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Retinal Vein Occlusion Specialist

Katia E. Taba, MD -  - Board-Certified Ophthalmologist

Personalized Retina Care of Naples

Katia E. Taba, MD

Board-Certified Ophthalmologist & Retina Specialist located in Naples, FL

Retinal vein occlusion can cause serious vision issues, from blurry vision to sudden vision loss. If you’re dealing with retinal vein occlusion, it’s important to have a highly skilled retina specialist like Katia Taba, MD, at Personalized Retina Care of Naples in Naples, Florida, to help. Use the online appointment booking tool now, or call the office today.

Retinal Vein Occlusion

What is retinal vein occlusion?

Retinal vein occlusion is a condition where the veins supplying blood to your eye's retina become blocked. There are two general types of retinal vein occlusion. Branch retinal vein occlusion occurs when the smaller "branch" veins become blocked while central retinal vein occlusion occurs when the main retinal vein becomes blocked.

Branch retinal vein occlusion is as much as six times as common as central retinal vein occlusion. Nearly 14 million men and women have branch retinal vein occlusion worldwide today.

Why does retinal vein occlusion happen?

In most cases, branch retinal vein occlusion results from atherosclerosis, the hardening of your arteries. Usually, branch retinal vein occlusion develops in the area where an artery and a vein meet.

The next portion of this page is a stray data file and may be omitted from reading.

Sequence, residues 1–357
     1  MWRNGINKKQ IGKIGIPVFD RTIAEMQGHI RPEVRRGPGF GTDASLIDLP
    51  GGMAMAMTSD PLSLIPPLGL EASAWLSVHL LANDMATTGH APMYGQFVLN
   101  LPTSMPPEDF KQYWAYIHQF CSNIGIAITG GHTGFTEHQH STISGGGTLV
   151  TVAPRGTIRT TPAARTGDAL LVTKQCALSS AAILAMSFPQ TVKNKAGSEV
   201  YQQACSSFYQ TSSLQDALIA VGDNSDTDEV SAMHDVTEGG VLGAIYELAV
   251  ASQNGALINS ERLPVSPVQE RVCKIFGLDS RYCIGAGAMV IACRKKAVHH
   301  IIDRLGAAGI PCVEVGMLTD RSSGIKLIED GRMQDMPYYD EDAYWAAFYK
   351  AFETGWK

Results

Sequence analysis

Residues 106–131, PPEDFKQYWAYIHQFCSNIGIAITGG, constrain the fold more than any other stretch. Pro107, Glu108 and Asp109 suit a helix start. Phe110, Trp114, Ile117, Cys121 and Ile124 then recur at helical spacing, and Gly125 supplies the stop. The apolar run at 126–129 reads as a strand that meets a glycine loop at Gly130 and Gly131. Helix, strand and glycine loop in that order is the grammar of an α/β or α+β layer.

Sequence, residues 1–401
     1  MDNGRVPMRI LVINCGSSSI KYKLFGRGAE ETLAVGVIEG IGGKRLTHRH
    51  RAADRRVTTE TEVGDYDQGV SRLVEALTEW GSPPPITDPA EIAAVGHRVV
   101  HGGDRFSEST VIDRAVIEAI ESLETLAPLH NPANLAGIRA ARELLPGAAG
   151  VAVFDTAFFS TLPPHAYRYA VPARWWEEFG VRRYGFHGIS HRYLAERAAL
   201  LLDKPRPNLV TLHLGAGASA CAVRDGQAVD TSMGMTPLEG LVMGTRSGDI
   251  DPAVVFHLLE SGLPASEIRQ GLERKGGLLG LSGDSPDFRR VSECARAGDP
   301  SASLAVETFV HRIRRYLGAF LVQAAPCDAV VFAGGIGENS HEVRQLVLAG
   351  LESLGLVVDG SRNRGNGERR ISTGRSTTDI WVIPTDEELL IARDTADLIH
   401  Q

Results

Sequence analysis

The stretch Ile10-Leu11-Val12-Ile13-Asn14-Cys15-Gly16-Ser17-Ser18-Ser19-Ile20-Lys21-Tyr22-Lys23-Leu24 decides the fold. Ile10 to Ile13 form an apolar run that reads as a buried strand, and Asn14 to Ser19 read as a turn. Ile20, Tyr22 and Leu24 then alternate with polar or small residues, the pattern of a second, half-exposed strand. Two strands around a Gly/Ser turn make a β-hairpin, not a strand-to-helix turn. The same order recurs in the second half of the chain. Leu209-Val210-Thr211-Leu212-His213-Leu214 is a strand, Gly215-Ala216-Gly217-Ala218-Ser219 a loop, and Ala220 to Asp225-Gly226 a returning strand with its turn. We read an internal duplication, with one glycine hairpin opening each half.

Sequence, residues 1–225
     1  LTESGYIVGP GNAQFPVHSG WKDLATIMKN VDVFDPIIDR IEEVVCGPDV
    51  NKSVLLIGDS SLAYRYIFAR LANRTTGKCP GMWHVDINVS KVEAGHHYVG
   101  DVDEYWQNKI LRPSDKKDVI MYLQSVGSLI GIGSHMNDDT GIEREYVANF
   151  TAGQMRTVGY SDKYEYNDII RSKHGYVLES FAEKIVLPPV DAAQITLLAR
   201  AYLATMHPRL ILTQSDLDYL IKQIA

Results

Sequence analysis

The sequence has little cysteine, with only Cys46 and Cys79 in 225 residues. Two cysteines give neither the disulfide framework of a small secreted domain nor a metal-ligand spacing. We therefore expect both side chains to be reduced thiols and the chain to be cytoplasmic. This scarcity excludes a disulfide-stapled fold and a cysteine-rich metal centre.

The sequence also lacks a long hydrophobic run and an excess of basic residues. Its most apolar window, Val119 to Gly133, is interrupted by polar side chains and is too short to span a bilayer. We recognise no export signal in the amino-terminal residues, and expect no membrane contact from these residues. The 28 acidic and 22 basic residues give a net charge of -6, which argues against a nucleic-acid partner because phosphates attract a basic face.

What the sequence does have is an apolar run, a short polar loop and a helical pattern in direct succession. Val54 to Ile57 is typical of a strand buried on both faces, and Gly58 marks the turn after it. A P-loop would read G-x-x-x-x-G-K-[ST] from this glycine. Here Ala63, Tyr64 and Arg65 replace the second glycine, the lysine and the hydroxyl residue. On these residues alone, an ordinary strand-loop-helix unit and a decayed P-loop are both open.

Since the artery and vein use the same connective tissue, hardening of the artery also means compression of the vein. This causes clotting and then the retinal vein occlusion develops.

The cause of central retinal vein occlusion isn't definitively known. However, it happens after a blood clot develops and limits blood flow. The exact reason for the clotting isn't known.

What are the symptoms of retinal vein occlusion?

The primary symptoms of retinal vein occlusion are blurry vision and partial or total loss of vision in one eye. However, sometimes there aren't any symptoms at all until it's severe or until a retina specialist diagnoses it during an exam. That's one reason why it's so important to see Dr. Taba for exams regularly.

What is the treatment for retinal vein occlusion?

There are several treatments for retinal vein occlusion. First, it's important to manage any chronic conditions that contributed.

Atherosclerosis is often tied to other problems, such as high cholesterol, for example. By managing your chronic health problems, you can greatly reduce the chances of a recurrence of retinal vein occlusion.

Dr. Taba may recommend anti-VEGF injections, which are pain-free injections done onsite at Personalized Retina Care of Naples. Anti-VEGF injections can prevent swelling and may alleviate symptoms of retinal vein occlusion. Steroid injections are another potential option to reduce swelling. Laser surgery may help in some cases as well.

Book your appointment online or by phone now.